Republican lawmaker Rep. Jeff Shipley has introduced a bill in the Iowa legislature that would legalize the medicinal use of psilocybin, MDMA, and the hallucinogenic drug ibogaine. Another bill from the freshman representative would remove only psilocybin from Iowa’s list of controlled substances.
Shipley introduced both bills in the House of Representatives on February 6. House File 249 (HF 249), would remove ibogaine, psilocybin, and MDMA from the state’s list of schedule I controlled substances and allow for the state to create rules for the medicinal use of the drugs. House File 248 (HF 248) would remove only psilocybin from schedule I of the Iowa uniform controlled substances act.
Shipley said in an email to Marijuana Moment that research is the key to solving America’s health challenges.
“Exploring these issues are paramount to solving the healthcare crisis,” Shipley said. “There’s so much potential for research and clinical applications. I hope we can empower and trust patients to make their own best decisions.”
Research Shows Promise for Medical Use of Psychedelics
A study of terminally ill cancer patients was conducted at Johns Hopkins University in 2016. Dr. Roland Griffiths, a professor of behavioral biology, said that researchers found that psilocybin treatment can result in a marked improvement in the mental well-being of patients.
“The most interesting and remarkable finding is that a single dose of psilocybin, which lasts four to six hours, produced enduring decreases in depression and anxiety symptoms, and this may represent a fascinating new model for treating some psychiatric conditions,” said Griffiths.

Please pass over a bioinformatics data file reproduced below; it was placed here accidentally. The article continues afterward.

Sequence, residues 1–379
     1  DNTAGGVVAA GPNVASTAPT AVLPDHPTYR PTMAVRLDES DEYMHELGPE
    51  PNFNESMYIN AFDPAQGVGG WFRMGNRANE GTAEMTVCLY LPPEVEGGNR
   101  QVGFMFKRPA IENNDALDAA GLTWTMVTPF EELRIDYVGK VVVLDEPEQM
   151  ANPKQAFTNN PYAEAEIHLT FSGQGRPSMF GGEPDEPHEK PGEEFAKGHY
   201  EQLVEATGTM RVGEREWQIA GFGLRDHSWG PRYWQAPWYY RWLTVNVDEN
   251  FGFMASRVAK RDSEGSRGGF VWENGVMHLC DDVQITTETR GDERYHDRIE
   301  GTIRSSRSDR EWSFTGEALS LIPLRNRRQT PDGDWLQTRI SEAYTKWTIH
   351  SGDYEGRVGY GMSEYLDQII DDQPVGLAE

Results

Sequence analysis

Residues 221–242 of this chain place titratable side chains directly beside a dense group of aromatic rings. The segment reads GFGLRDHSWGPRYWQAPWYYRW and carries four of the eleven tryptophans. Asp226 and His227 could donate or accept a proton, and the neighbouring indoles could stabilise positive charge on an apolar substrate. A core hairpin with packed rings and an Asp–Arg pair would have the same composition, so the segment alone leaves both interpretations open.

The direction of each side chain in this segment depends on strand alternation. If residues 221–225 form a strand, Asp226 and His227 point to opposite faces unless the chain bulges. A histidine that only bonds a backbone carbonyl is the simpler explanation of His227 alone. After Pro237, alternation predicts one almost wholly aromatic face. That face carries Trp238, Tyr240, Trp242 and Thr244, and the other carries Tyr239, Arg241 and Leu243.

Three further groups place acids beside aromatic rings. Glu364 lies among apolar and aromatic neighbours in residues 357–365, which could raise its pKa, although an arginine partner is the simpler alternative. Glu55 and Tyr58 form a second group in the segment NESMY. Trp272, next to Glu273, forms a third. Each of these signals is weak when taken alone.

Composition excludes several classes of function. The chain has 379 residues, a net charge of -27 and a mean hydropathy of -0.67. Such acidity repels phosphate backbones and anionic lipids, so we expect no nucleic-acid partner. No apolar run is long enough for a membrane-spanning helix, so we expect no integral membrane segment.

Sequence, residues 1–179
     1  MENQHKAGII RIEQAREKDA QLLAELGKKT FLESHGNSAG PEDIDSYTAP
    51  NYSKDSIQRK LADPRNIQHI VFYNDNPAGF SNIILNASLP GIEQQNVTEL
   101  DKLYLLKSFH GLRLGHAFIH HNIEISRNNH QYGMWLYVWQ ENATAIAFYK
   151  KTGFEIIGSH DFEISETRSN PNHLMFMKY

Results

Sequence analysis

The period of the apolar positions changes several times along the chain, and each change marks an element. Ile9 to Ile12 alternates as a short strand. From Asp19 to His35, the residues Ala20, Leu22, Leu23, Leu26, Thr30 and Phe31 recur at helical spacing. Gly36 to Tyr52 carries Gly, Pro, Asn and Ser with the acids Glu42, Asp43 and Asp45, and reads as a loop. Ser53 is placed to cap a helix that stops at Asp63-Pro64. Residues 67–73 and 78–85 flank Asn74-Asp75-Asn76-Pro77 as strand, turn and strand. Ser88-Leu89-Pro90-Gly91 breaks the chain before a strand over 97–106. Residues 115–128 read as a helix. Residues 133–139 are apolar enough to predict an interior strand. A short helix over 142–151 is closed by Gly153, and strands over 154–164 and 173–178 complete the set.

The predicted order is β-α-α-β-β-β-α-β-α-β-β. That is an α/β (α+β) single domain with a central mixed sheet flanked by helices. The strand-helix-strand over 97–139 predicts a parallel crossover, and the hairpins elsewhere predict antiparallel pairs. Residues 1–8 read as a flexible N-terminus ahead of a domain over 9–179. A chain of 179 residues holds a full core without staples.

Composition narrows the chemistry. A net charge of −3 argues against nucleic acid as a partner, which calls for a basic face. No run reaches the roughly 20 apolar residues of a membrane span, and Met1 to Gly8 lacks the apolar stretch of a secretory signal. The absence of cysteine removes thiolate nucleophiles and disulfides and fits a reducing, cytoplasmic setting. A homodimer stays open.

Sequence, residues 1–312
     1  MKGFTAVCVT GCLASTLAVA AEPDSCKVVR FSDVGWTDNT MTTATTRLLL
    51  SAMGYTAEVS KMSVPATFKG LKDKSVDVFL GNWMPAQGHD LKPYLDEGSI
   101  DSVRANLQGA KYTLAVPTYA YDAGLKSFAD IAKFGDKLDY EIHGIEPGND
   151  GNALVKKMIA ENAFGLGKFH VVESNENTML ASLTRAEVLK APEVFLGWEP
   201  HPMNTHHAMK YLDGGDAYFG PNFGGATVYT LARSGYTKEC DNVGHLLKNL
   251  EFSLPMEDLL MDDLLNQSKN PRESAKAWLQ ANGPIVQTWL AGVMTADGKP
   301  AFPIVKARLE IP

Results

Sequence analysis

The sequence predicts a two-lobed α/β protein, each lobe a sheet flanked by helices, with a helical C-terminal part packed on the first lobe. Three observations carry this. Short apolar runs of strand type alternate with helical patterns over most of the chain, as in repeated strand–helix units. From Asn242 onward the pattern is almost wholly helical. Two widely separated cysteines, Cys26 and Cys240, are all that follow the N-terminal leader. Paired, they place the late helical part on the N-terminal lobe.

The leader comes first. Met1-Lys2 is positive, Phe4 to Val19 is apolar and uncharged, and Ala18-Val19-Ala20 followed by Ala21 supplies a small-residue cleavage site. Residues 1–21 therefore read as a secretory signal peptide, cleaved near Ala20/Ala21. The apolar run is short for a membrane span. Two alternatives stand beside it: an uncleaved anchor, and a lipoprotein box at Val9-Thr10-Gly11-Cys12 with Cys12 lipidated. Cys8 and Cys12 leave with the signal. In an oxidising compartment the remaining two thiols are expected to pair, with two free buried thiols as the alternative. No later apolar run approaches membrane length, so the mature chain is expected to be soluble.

Six months after psilocybin treatment, 80 percent of the patients in the study showed significant decreases in anxiety and depression. Increases in well-being were reported by 83 percent of patients and two-thirds said the treatment session was one of the five most meaningful experiences in their lives.
“A life-threatening cancer diagnosis can be psychologically challenging, with anxiety and depression as very common symptoms,” said Griffiths. “People with this kind of existential anxiety often feel hopeless and are worried about the meaning of life and what happens upon death.”
Griffiths said that the results of the study were beyond his expectations.
“Before beginning the study, it wasn’t clear to me that this treatment would be helpful, since cancer patients may experience profound hopelessness in response to their diagnosis, which is often followed by multiple surgeries and prolonged chemotherapy,” he said. “I could imagine that cancer patients would receive psilocybin, look into the existential void and come out even more fearful. However, the positive changes in attitudes, moods and behavior that we documented in healthy volunteers were replicated in cancer patients.”
A hospital in Australia announced last month that it would conduct a similar study of psilocybin. Other research has shown that ibogaine may be effective as a treatment for addiction, and MDMA shows promise as a therapy for PTSD.